"What are antidepressants and how do they work?
Antidepressants are a class of drugs that reduce symptoms of depressive disorders by correcting chemical imbalances of neurotransmitters in the brain. Chemical imbalances may be respo"...
(Generic versions may still be available.)
Antidepressants increased the risk compared to placebo of suicidal thinking and behavior (suicidality) in children, adolescents, and young adults in short-term studies of major depressive disorder (MDD) and other psychiatric disorders. Anyone considering the use of Amitriptyline hydrochloride tablets or any other antidepressant in a child, adolescent, or young adult must balance this risk with the clinical need. Short-term studies did not show an increase in the risk of suicidality with antidepressants compared to placebo in adults beyond age 24; there was a reduction in risk with antidepressants compared to placebo in adults aged 65 and older. Depression and certain other psychiatric disorders are themselves associated with increases in the risk of suicide. Patients of all ages who are started on antidepressant therapy should be monitored appropriately and observed closely for clinical worsening, suicidality, or unusual changes in behavior. Families and caregivers should be advised of the need for close observation and communication with the prescriber. Amitriptyline hydrochloride is not approved for use in pediatric patients. (See Warnings: Clinical Worsening and Suicide Risk, Precautions: Information for Patients, and Precautions: Pediatric Use).
Amitriptyline HCl, a dibenzocycloheptadiene derivative, has a molecular weight of 313.87. It is a white, odorless, crystalline compound which is freely soluble in water.
Elavil (amitriptyline HCl) is supplied as 10 mg, 25 mg, 50 mg, 75 mg, 100 mg, and 150 mg tablets and as a sterile solution for intramuscular use. Inactive ingredients of the tablets are calcium phosphate, cellulose, colloidal silicon dioxide, hydroxypropyl cellulose, hydroxypropyl methylcellulose, lactose, magnesium stearate, starch, stearic acid, talc, and titanium dioxide. 10 mg amitriptyline HCl tablets also contain FD&C Blue 1. 25 mg amitriptyline HCl tablets also contain D&C Yellow 10, FD&C Blue 1, and FD&C Yellow 6. 50 mg amitriptyline HCl tablets also contain D&C Yellow 10, FD&C Yellow 6 and iron oxide. 75 mg amitriptyline HCl tablets also contain FD&C Yellow 6. 100 mg amitriptyline HCl tablets also contain FD&C Blue 2 and FD&C Red 40. 150 mg amitriptyline HCl tablets also contain FD&C Blue 2 and FD&C Yellow 6.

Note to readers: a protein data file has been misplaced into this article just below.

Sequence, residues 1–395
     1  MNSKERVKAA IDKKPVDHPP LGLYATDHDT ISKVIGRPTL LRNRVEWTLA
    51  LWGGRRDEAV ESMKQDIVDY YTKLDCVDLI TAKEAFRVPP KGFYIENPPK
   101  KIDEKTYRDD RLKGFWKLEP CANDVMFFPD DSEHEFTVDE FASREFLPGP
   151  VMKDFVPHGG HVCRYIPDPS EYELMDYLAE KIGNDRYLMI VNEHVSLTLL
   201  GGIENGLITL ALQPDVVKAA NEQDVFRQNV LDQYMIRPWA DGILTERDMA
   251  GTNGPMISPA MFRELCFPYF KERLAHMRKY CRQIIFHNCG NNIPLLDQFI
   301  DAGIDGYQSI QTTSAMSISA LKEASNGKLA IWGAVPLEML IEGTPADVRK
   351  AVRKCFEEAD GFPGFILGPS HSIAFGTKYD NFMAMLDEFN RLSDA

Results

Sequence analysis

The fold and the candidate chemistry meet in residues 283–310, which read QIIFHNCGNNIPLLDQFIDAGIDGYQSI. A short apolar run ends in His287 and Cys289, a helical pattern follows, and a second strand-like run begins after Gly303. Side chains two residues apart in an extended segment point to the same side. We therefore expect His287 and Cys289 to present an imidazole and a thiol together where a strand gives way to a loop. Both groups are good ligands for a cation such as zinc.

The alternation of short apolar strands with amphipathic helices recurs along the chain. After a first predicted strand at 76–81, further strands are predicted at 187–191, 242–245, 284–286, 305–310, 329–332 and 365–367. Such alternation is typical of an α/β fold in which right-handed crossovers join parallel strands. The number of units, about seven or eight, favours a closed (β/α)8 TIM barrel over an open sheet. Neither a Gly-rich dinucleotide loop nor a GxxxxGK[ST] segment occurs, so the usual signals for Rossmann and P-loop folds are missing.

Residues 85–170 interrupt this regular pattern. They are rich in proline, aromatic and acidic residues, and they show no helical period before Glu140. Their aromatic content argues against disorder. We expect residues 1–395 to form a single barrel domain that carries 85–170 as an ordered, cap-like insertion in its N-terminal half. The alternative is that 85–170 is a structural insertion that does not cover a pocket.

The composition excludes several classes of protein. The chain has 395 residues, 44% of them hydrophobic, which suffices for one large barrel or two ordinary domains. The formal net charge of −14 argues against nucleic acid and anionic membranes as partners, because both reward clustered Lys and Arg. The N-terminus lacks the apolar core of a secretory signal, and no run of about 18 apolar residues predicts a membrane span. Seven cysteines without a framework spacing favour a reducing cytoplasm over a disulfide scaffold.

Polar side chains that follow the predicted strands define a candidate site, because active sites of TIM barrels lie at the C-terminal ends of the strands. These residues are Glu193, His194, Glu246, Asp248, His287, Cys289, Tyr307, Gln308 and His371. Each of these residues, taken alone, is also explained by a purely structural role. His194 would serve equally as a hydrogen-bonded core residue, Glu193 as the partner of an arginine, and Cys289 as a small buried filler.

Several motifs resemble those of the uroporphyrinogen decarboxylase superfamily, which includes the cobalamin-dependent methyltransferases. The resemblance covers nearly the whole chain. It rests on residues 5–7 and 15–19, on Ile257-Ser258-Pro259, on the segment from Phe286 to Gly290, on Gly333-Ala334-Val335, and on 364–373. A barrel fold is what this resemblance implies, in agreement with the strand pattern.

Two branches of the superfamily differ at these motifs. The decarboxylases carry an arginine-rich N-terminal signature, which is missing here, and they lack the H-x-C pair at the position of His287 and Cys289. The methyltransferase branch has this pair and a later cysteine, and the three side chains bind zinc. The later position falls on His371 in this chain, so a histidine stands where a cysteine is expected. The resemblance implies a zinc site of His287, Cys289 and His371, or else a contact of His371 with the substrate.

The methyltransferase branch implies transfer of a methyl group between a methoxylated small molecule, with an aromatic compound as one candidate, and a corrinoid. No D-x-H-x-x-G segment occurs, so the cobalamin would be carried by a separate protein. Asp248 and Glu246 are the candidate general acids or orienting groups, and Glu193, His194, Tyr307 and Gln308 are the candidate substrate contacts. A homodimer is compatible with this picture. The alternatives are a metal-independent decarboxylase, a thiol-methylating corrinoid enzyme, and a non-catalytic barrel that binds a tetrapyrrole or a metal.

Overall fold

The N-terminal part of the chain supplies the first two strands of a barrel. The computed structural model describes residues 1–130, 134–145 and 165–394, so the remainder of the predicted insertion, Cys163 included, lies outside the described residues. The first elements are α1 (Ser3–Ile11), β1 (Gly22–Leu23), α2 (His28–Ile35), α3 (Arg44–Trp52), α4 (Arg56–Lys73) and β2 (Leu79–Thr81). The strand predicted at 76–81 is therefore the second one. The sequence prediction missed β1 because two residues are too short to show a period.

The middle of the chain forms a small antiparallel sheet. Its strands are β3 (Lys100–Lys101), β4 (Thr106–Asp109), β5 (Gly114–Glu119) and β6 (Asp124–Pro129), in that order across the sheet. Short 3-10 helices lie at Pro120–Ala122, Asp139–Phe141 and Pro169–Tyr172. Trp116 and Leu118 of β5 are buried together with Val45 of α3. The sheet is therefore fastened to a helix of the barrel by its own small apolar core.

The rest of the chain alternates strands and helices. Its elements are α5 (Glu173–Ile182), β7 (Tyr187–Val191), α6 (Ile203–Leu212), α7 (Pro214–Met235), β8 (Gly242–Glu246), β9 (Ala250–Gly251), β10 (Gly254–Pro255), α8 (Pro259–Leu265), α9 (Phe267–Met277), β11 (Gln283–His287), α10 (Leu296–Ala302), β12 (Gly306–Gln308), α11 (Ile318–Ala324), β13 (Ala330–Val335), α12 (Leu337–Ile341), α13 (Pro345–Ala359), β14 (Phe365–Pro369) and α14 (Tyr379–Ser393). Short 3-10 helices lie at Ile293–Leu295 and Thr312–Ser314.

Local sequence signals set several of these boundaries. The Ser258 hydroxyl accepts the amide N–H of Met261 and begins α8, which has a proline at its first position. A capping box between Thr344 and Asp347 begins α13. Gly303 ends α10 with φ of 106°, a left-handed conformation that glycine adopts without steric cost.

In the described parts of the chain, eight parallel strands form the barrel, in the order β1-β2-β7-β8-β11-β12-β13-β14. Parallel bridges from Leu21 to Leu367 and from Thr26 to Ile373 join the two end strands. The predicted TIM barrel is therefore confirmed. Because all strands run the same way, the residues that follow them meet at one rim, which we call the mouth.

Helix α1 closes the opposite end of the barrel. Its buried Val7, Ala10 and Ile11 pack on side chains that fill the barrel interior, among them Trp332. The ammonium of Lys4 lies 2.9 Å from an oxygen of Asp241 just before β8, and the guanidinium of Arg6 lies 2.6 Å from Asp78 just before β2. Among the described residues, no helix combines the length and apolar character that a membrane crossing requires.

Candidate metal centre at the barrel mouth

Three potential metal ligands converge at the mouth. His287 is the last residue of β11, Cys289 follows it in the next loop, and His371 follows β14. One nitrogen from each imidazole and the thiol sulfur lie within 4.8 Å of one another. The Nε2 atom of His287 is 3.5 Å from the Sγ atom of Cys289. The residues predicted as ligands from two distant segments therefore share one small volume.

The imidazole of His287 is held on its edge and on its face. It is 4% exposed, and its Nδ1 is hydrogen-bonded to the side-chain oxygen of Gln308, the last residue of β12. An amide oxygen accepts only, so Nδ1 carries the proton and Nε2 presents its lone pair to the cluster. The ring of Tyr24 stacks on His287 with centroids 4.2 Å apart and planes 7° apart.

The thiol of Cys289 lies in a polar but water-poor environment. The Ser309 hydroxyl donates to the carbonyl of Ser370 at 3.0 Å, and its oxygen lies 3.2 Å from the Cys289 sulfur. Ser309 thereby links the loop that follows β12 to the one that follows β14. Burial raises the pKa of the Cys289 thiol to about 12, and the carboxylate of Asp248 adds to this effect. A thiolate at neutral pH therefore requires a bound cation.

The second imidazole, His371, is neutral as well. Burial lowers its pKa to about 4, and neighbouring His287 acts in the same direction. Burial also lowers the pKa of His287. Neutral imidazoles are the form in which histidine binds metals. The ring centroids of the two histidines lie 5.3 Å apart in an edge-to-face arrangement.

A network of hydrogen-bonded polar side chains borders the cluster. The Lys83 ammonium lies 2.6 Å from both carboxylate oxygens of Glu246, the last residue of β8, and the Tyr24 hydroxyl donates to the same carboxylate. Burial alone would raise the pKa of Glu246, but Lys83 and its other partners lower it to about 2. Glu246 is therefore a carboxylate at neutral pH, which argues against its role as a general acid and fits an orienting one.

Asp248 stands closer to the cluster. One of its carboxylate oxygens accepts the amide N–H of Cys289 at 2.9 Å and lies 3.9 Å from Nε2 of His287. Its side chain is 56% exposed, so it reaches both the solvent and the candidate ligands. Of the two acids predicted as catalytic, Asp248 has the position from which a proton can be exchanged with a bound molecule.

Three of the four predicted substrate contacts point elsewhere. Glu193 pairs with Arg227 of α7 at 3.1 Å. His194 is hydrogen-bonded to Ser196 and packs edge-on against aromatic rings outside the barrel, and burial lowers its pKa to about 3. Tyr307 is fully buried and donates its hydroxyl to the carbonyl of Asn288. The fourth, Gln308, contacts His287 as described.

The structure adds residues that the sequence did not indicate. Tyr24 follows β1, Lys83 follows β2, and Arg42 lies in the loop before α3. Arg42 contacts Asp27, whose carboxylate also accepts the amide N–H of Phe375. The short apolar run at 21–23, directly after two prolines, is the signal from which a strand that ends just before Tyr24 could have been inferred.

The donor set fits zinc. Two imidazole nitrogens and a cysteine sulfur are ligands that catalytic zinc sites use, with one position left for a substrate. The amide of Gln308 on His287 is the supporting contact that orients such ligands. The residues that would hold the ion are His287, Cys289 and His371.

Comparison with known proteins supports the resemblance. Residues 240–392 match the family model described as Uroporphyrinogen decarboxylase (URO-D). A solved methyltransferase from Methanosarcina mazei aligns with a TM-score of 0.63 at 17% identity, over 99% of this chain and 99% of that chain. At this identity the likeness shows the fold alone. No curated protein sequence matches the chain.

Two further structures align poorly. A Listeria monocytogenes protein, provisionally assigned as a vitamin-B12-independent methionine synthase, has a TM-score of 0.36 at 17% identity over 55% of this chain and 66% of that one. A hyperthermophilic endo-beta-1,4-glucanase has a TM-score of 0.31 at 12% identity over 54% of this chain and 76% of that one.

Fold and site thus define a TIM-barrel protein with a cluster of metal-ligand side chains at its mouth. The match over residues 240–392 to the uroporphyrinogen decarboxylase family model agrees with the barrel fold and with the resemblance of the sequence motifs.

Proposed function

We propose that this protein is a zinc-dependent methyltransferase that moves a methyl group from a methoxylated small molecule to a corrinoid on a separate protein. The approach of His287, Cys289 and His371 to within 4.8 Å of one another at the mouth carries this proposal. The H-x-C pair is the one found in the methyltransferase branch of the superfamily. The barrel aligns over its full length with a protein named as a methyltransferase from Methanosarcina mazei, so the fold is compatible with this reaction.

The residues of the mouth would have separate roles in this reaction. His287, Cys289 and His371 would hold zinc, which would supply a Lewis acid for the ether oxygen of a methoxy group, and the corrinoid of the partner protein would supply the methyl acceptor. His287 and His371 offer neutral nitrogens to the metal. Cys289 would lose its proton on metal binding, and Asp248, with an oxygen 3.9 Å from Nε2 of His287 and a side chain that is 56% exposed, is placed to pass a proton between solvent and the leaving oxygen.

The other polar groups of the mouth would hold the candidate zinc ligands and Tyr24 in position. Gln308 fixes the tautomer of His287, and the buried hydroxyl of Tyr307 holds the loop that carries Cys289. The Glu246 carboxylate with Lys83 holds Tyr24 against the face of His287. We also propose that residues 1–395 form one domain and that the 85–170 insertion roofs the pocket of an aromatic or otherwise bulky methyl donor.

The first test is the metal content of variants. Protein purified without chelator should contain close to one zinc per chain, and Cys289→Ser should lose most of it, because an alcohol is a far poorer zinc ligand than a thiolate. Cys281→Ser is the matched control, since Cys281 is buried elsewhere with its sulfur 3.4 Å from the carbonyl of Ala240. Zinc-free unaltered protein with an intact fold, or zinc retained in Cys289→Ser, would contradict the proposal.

Added as Preservatives: Methylparaben: 1.5 mg; Propylparaben: 0.2 mg
What are the precautions when taking amitriptyline (Elavil)?
See also Warning section.
Before taking amitriptyline, tell your doctor or pharmacist if you are allergic to it, or to other tricyclic antidepressants (such as nortriptyline), or if you have any other allergies. This product may contain inactive ingredients, which can cause allergic reactions or other problems. Talk to your pharmacist for more details.
Before using this medication, tell your doctor or pharmacist your medical history, especially of: bleeding problems, breathing problems, liver problems, recent heart attack, problems urinating (such as due to enlarged prostate), overactive thyroid (hyperthyroidism), personal or family history of glaucoma (angle-closure type), personal or family history of mental/mood conditions (such as bipolar disorder, psychosis), family...
Last reviewed on RxList: 10/12/2010
This monograph has been modified to include the generic and brand name in many instances.
Additional Elavil Information
- Elavil Drug Interactions Center: amitriptyline oral
- Elavil Side Effects Center
- Elavil Overview including Precautions
- Elavil FDA Approved Prescribing Information including Dosage
Elavil - User Reviews
Elavil User Reviews
Now you can gain knowledge and insight about a drug treatment with Patient Discussions.
Report Problems to the Food and Drug Administration
You are encouraged to report negative side effects of prescription drugs to the FDA. Visit the FDA MedWatch website or call 1-800-FDA-1088.
Get tips on therapy and treatment.